The church of Mar-Girgis (St George) in the small village of Kom al-Asfar in Tahta, Sohag, Upper Egypt, was victim of an attack yesterday by dozens of the Muslim villagers
The church of Mar-Girgis (St George) in the small village of Kom al-Asfar in Tahta, Sohag, Upper Egypt, was victim of an attack yesterday by dozens of the Muslim villagers.
The villagers mobbed in front of the church to protest renovation work that was being carried out to repair one of the church’s inner wall which is adjacent to the home of a Muslim villager. They hurled stones at the church, crying Allahu Akbar (Allah is the Greatest). Once the police arrived, the mobsters fled to the side streets of the village.
The police stopped the restoration work and summoned the church##s priest Fr Elishaa Nasri for questioning.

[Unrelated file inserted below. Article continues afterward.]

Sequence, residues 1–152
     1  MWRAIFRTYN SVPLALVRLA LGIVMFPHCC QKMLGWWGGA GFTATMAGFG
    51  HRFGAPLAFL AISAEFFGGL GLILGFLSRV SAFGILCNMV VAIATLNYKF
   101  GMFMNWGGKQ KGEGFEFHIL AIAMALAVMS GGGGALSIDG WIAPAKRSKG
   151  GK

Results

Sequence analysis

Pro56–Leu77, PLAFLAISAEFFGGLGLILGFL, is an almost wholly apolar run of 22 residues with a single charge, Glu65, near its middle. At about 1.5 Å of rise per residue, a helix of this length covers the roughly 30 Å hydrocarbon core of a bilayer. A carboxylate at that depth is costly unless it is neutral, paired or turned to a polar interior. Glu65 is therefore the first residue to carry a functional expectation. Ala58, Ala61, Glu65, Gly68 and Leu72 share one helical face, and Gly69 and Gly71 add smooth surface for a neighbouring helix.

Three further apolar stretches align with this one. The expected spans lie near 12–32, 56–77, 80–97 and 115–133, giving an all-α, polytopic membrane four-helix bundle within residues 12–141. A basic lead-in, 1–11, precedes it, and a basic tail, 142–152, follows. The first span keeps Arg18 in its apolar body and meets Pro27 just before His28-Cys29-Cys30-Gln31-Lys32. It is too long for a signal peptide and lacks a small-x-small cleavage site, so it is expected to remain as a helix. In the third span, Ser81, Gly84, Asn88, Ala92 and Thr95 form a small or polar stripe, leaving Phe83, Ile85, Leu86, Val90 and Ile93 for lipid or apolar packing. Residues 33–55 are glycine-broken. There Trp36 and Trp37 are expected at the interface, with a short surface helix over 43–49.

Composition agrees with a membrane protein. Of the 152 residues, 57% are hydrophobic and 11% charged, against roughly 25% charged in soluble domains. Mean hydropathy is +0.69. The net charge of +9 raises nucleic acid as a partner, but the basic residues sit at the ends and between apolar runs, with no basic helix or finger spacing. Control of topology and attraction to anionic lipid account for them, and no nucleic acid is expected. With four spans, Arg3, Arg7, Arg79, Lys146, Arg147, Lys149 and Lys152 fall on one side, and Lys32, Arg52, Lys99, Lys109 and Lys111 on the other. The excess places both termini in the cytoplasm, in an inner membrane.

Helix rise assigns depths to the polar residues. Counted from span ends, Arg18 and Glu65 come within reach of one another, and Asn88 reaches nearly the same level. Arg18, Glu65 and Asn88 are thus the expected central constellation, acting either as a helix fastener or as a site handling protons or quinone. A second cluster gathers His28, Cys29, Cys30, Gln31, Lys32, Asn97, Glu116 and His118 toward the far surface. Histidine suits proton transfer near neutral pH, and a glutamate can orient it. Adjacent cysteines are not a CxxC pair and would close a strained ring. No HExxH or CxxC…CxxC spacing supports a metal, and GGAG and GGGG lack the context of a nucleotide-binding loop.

According to Saad Dahshour, a Coptic villager, the church building, which dates back to 1856, had become dilapidated and even life threatening. Those in charge of the church tried, throughout the last five years, to obtain a renovation permit, but the local officials refused to grant them a permit. Last week, Mr Dahshour said, part of the inner wall fell, and the church had to repair it.
The church serves three other nearby villages which have no churches.
Armanius Eweida of the Maspero Youth Union, said that the incident brought to light the worst of the problems Copts face where their churches are concerned. Are Copts supposed to leave their churches to collapse and threaten their lives while the authorities refuse to permit them to do any repairs? Or should churches be left to crumble until they are unusable?
Buildings in villages generally are erected without any permit, so why are churches required to obtain permits if they as much as add a brick? Mr Eweida said. He denounced the incident, especially that the priest is now being questioned as a lawbreaker, while the mobsters who attacked the church run free; none of them was caught.
19 February 2013